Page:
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Recommended Dietary Allowance (RDA) is too low

Updated on January 26, 2013

Have you looked at the percentages of your daily multi-vitamin? By the way, doctors say that we should be taking multi-vitamins.

Often the percentages shows number above 100% of "recommended daily allowance". Does that mean that we are taking more than the recommended amount? Are we over-dosing on vitamin?

The answer is no and no. It is okay for the percentages to go above 100%. And in many cases, it should be above 100%. Even at above 100%, you are still far away from the over-dose level.

And here is why ...

Dr. Khalsa says ...

Dharma Singh Khalsa says this his book Brain Longevity ...

"One quick word about the so-called Recommended Daily Allowances: Nonsense! I believe they're just too low. These daily allowances, until recently, where called "Minimum Daily Requirements." But then someone with a good sense of public relations realized that most people want more than just the "minimum." So they changed "Minimum" to "Recommended" -- but still left the amount at approximately the same low levels. ... It is true that a few vitamins, taken in gross excess, can cause health problems. Extremely high amounts of vitamin A can be toxic (although I have never spoken to a physician who has actually seen this occur). When you compare the safety of vitamins to the safety of pharmaceutical drugs, however, it's easy to see that drugs are far more dangerous." [page 243]

That is because for the most part, vitamins that you take are the same stuff that is already in your body. Pharmaceutical drugs, on the other hand, are foreign human-engineered chemicals. That's different. That is why FDA regulates prescription drugs, but they don't regulate vitamins.

Dr. Hyman says ...

Dr. Mark Hyman writes in The UltraMind Solution that ...

"The old model of nutrition is based on providing the minimum amount of nutrients, vitamins, and minerals to prevent deficiency diseases. ... The current dietary reference intakes (DRIs), or the amount of nutrients we are told is safe and desirable by the government, are based on this out-dated concept. ... taking just enough of a vitamin to avoid deficiency diseases doesn't give you nearly enough of that vitamin to achieve optimal health." [page 120-121]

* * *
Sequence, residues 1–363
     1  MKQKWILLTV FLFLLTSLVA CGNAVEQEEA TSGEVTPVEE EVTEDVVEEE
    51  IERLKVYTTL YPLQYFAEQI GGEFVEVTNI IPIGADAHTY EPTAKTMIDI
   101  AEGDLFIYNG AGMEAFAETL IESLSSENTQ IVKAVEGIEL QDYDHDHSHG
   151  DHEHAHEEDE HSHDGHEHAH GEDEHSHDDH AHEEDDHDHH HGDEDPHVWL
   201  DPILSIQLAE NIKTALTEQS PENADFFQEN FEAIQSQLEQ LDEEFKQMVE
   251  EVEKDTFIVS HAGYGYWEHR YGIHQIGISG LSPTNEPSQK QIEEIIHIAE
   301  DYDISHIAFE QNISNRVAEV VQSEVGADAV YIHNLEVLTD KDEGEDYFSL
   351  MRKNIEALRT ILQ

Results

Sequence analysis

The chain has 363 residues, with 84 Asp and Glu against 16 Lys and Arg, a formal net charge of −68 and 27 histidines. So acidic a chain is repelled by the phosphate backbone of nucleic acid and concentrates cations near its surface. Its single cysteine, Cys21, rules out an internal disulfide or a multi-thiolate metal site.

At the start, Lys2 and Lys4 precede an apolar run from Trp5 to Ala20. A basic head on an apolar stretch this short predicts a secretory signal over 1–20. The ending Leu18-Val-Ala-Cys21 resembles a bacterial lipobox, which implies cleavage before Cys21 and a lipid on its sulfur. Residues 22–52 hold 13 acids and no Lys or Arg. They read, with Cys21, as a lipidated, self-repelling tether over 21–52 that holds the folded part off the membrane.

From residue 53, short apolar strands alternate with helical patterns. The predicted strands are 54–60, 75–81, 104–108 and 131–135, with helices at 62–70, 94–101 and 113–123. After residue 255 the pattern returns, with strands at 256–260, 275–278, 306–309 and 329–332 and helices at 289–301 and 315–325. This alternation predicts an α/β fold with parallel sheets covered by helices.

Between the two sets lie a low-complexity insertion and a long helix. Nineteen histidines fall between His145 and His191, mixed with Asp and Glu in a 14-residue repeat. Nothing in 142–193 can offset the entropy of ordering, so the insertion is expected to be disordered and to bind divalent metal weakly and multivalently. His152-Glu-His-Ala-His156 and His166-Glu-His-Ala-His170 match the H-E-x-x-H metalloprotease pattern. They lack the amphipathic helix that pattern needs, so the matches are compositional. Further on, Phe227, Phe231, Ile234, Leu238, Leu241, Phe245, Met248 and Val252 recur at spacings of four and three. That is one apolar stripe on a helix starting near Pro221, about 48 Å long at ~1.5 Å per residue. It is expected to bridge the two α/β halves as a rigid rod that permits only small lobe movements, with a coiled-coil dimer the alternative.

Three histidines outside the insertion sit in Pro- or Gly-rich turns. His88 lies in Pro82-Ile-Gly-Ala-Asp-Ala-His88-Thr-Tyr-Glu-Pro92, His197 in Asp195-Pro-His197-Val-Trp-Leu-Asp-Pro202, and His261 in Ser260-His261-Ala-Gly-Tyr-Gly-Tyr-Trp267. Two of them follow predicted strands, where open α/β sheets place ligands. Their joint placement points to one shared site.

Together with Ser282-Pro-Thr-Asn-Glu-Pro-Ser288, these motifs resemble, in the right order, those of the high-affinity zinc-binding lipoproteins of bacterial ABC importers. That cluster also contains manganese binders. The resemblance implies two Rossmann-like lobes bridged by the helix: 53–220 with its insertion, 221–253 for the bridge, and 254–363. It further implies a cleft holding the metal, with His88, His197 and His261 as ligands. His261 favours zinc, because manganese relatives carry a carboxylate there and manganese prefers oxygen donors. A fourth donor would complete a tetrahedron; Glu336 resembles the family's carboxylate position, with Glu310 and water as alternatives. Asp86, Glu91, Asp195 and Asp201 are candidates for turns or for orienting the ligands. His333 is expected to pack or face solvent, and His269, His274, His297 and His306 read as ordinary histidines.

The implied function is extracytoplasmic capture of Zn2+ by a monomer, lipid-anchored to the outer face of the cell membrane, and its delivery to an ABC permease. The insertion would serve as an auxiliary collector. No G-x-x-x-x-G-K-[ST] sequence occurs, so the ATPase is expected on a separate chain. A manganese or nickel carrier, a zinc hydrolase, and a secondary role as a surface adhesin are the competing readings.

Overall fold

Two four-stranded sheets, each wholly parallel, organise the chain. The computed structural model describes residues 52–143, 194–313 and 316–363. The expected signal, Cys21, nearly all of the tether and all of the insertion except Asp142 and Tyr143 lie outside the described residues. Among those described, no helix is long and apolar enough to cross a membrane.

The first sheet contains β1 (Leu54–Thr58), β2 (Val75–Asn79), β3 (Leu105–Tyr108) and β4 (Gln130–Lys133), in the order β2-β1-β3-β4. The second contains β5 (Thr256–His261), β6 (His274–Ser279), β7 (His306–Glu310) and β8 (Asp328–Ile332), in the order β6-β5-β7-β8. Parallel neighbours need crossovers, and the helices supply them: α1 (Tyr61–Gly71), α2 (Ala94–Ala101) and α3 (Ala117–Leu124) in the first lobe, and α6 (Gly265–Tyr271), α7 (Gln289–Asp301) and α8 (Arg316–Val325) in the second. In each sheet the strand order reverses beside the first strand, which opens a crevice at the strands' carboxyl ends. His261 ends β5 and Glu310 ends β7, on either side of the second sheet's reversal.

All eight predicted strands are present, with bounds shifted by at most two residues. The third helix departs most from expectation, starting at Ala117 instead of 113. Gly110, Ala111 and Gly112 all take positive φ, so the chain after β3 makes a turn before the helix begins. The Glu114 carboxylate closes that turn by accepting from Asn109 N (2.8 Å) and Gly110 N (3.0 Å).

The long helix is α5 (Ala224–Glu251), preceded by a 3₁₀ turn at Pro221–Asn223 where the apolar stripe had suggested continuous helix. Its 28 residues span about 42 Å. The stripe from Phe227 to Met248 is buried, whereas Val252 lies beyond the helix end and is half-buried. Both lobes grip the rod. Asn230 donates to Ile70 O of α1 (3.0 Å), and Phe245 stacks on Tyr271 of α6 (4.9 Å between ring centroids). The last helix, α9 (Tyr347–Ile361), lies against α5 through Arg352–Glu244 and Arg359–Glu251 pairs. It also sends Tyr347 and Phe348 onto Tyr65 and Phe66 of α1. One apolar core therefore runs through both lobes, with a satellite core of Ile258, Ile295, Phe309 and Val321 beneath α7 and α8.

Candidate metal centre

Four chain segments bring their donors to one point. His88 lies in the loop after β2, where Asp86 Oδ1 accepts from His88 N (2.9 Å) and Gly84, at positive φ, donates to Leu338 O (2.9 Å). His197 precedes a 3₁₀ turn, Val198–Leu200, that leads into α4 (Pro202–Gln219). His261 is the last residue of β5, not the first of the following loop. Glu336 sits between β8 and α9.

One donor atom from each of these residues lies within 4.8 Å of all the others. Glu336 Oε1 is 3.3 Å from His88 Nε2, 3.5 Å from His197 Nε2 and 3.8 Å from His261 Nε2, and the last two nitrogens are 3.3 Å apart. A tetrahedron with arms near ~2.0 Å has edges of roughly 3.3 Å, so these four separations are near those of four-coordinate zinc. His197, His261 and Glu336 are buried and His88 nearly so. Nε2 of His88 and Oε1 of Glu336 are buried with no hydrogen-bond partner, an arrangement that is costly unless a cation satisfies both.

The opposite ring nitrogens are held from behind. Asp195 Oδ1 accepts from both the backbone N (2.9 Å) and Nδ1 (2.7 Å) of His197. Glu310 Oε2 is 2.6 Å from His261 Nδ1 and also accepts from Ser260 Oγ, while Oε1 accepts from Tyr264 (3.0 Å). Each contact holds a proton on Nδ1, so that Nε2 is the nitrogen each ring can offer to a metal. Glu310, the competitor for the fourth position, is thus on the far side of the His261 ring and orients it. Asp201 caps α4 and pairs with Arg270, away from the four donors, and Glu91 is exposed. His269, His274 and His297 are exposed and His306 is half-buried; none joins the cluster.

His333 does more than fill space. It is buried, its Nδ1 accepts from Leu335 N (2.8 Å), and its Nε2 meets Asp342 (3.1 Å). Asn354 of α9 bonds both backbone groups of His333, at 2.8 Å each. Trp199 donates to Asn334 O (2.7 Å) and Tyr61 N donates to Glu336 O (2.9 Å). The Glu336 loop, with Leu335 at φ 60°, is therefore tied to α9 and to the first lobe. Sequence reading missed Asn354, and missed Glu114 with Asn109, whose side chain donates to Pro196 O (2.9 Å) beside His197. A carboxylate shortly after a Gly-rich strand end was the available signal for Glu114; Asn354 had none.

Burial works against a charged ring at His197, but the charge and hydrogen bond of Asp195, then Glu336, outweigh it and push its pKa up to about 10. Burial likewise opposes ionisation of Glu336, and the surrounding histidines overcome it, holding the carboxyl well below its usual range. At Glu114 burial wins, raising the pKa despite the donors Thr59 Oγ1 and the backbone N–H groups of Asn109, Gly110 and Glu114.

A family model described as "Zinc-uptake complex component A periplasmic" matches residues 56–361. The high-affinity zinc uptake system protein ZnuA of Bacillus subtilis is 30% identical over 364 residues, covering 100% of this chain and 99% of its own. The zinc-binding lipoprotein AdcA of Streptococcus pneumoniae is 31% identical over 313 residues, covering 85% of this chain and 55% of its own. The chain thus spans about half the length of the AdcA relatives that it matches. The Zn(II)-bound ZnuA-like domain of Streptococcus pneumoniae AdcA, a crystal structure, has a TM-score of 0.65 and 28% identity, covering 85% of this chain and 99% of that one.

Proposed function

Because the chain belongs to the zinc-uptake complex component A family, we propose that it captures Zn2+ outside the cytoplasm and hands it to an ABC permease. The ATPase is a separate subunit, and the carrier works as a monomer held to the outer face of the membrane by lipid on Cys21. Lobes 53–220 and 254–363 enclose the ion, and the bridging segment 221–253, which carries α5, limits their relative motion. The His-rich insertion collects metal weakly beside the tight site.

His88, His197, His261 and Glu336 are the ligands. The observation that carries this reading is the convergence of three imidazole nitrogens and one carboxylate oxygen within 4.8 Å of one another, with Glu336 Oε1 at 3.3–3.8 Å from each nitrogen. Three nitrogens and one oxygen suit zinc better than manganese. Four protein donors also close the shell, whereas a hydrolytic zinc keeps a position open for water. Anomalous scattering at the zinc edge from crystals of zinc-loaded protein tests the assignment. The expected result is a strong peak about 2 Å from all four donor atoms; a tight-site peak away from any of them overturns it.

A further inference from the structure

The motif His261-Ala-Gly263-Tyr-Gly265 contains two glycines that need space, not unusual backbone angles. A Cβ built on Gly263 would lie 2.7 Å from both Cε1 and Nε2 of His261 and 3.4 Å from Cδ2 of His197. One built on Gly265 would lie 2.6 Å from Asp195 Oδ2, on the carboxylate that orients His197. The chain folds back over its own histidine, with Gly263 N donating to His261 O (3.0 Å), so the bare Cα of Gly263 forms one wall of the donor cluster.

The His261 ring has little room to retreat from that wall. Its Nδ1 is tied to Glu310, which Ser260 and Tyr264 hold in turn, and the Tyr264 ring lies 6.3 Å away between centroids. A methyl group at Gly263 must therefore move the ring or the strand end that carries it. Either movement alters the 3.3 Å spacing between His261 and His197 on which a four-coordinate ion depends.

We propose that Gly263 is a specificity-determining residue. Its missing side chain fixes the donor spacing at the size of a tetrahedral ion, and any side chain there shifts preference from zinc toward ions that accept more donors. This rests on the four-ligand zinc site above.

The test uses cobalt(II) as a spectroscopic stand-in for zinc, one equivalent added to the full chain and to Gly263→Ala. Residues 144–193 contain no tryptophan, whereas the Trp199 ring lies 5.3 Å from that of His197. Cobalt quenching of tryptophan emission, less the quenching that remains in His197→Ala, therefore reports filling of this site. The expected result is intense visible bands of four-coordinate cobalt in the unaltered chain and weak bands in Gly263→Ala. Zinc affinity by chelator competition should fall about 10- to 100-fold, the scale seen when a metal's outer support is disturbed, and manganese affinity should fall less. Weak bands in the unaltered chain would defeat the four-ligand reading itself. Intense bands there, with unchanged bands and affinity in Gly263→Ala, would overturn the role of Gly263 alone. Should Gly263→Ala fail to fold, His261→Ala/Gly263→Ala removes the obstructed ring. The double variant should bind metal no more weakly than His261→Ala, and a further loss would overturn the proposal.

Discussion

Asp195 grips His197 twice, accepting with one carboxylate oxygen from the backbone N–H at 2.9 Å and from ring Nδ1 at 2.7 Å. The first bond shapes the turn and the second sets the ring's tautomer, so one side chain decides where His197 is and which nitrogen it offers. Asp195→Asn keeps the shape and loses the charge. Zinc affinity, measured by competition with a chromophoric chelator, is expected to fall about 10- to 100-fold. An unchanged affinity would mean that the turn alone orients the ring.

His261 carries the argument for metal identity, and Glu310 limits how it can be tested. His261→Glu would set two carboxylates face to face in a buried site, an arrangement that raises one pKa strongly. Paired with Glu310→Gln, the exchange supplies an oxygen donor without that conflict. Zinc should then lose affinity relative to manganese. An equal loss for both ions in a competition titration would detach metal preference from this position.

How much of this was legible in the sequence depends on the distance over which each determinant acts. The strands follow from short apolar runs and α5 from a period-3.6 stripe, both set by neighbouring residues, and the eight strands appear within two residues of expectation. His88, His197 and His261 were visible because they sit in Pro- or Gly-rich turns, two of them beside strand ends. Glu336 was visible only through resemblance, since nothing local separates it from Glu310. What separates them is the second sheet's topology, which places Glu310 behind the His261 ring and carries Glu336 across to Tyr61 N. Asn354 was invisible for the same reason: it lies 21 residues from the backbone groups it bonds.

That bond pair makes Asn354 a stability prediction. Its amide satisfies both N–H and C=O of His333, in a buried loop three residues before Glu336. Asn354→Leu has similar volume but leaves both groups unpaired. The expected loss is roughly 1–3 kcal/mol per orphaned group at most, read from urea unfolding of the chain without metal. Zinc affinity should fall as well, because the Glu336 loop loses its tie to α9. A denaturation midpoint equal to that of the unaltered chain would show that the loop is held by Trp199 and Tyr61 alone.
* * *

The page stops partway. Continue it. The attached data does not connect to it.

In the below video, he says that ...

"In fact, the government nutritional guidelines ignore that fact that many American, because of genetic variations and unique needs may need higher doses of vitamins and minerals than the minimum RDA."

Joe Graedon of People's Pharmacy voice a similar view on an April 2008 radio broadcast "The Sound of Ideas" which you can hear around the 7 minute mark.

Did you know that to be optimally healthy, we need 25 times the amount of vitamin D than the government recommends. This is according to Dr. Mark Hyman's article in

In the book Ultraprevention, it says ...

"The RDA system was based on what was needed to prevent the deficiencies associated with disease, rather than on a model to create health. ... vitamins in excess of the minimum recommended amounts have a significant role in preventing chronic disease." [Liponis, Mark; Hyman, Mark, M.D. (2003-09-16). Ultraprevention (p. 123). Simon & Schuster, Inc.. Kindle Edition.]

Dr. Weil says ...

Is it true that the recommended dietary amounts are outdated? Katie Couric of the "Today" show asked Dr. Andrew Weil just that question. You can hear his answer in the video linked here (at 5 minutes into the video).

Basically Dr. Weil says that they are outdated and in many cases you body will do better with more. You just have to do your homework as to the optimal amount that you should take.

In another article, I explain how to choose a multi-vitamin.

Dr. Oz says ...